3rd Mar, 2021

Coventry Conservatives launch alternative budget with plans to save council's 'superior' teacher-led outdoor education centre in Snowdonia

“THERE are no plans to close Plas Dol-y-Moch” Labour’s education cabinet leader affirmed yesterday (Monday February 22).

Coun Kevin Maton, cabinet member for Education and Skills at Coventry City Council, was speaking after Coventry Conservatives launched an alternative budget with plans to save the council’s outdoor education centre in Snowdonia and tackle the city’s “pot-hole crisis” at its heart.

Plas Dol-y-Moch, a 17th century country house in Maentwrog, Blaenau Ffestiniog, has provided teacher-led environmental education and adventure sessions from canoeing and abseiling to mountaineering for generations of Coventry schoolchildren since 1966.

Since the March lockdown last year, the centre has remained closed.

An internal consultation by Coventry City Council looking at implementing a new management restructure ended yesterday (Monday February 22) with findings expected by March.

But Coventry Conservative party says the council’s “flawed” proposal to move the outdoor education centre to a more commercial model has received widespread criticism, especially from the Friends of Dol-y-Moch group and the National Education Union. They say it will put jobs at risk and jeopardise the valuable experience of many school children.

Coventry City Council Conservative Group leader Coun Gary Ridley said: “Going to Plas Dol-y-Moch is almost a rite of passage for kids in Coventry. Support for it is almost hard-wired into our psyche in the same way as it is for the NHS. It’s been providing a quality service for years and I’m deeply concerned by this threat to its future. Our alternative budget would ensure its survival.”

Within their ‘alternative budget’ an additional £150,000 would protect jobs and ensure that Dol-y-Moch continues as a teacher-led facility for Coventry children to use well into the future, equal to the amount it has lost over the past year due to Covid.

Coun John Blundell, Conservative spokesman for education said Dol-y-Moch had already secured 11,600 bookings for September 2021 -22.

He said: “For 55 years the centre has provided Coventry children with a unique opportunity to enjoy a true outdoor education led by experienced qualified teachers. The council’s proposals would greatly demean the provision for Coventry children.”

Responding to the Tory campaign Coun Maton, said: “There is nothing to save. Dol-y-Moch is not closing.”

He said the outdoor education centre, which is currently run by three senior managers, does not currently receive statutory government funding but had proved its worth over many years.

Coun Maton said the council is looking at expanding affordable outdoor education provision locally and was mindful that many families have been hit hard during the Covid crisis – with some likely to be apprehensive about residential trips.

The Friends of Plas Dol y Moch has expressed “grave concerns” about the proposals saying users have not been properly consulted, the council is not planning to re-open the centre until January 2022 and then only at 25% capacity and is worried at the impact this will have on disadvantaged children, including those with SEND and disabilities.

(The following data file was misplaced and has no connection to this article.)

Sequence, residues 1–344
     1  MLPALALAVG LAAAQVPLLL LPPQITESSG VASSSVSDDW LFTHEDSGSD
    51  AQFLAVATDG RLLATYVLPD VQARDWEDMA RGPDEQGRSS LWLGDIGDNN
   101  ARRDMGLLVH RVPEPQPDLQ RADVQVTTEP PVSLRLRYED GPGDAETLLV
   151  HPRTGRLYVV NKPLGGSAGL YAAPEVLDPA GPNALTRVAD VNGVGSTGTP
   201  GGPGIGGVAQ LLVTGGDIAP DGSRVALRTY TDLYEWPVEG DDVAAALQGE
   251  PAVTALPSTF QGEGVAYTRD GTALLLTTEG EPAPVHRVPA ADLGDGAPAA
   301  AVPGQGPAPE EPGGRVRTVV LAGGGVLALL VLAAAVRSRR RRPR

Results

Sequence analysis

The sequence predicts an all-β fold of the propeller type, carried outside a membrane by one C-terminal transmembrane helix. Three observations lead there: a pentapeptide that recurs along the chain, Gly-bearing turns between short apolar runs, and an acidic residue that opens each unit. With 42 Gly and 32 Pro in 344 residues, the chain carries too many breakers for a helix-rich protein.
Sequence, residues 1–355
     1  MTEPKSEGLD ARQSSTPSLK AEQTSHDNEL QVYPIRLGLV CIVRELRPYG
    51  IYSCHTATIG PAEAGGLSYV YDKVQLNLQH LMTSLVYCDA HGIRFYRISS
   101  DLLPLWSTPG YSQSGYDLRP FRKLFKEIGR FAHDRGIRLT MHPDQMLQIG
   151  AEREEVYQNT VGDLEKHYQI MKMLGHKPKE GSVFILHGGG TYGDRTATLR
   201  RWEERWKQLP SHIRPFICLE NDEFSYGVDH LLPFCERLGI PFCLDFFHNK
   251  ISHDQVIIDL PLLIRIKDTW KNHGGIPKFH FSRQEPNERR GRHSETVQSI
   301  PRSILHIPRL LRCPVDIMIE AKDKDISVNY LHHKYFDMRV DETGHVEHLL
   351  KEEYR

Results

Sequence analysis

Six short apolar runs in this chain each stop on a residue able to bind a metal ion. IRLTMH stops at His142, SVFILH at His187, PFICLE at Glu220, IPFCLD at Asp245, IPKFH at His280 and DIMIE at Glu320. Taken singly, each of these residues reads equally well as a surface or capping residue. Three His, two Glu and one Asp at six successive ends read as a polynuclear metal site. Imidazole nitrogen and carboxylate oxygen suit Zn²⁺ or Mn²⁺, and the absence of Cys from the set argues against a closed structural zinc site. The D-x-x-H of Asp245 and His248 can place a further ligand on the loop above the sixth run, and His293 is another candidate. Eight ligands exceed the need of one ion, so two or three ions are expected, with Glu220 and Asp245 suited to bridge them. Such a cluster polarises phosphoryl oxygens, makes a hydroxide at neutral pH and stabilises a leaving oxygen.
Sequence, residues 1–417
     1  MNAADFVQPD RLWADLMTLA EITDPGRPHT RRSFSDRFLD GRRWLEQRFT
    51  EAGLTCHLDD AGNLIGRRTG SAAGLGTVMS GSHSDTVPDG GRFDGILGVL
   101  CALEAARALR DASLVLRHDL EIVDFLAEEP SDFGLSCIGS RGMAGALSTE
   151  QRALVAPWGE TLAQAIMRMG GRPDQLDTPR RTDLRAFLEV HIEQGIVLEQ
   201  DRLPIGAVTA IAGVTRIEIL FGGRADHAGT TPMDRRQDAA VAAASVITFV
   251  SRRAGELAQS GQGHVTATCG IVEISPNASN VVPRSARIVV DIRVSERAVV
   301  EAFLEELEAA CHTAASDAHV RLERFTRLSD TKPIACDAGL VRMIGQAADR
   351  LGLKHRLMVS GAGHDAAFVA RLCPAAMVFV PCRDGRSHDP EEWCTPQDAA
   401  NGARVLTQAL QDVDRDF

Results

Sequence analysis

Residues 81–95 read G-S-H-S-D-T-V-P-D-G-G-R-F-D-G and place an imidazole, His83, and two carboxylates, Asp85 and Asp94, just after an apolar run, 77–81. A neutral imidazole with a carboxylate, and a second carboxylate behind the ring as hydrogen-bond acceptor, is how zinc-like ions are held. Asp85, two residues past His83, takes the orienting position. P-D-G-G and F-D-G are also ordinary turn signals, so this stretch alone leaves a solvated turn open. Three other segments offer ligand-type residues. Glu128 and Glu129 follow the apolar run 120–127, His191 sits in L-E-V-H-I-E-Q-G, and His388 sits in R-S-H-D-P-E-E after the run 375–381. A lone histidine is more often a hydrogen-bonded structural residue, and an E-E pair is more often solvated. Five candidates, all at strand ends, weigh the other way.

It says if the removal of all legal limits on social contact goes ahead by June 21 under Boris Johnson’s latest road map and the country sees the beneficial effects of mass vaccination, residential education could be ready to reopen by September 1 with Covid safe procedures. The group has called for a new full consultation with all stakeholders.

Chair Mike Ballinger said: “Before the lockdown last year the centre was incredibly successful and financially viable. It makes more sense to come to a decision after the Budget in March.

“To remove teachers and change the focus of the management has grave implications for the educational ethos of Plas Dol-y-Moch. Many teachers I have spoken to say is a unique setting and far superior to many other centres they have been to as teachers. While I appreciate officers and councillors are struggling with a difficult decision, we urge them to do the right thing by our young people.”

Around the UK it has been reported that several outdoor centres have closed permanently, and many others have warned that they face collapse due to a lack of government support.

Just before Christmas in neighbouring Warwickshire, the council announced plans to close Marle Hall, also in Snowdonia, with parents and teachings mounting a 3,500 strong online petition calling for it to be saved.

Conservatives councillor Tim Sawdon said: “This budget will tackle waste and vested interest and put resources back into the hands of the people of Coventry. It will provide a much-needed boost to our highways, improve road safety and ensure the future of Dol-y-Moch for generations to come. Our plan has only been made possible by the support we’ve received from government. They have provided this authority with £55m in support to tackle Covid-19 and given us our largest ever capital programme. It is a budget for the whole of Coventry and shows a different way is possible.”

In addition to offering support for Dol-y-Moch, Coventry Conservatives are also keen to set out a £200,000 programme of pot-hole repairs, provide £140,000 for road safety schemes and prioritise the creation of ’20 mph’ zones around the city.

They say cash could be made available through spending less on councillors pay by reducing the size of the city’s key decision-making body, scrapping deputy cabinet members altogether and cutting money given to the trades unions each year.

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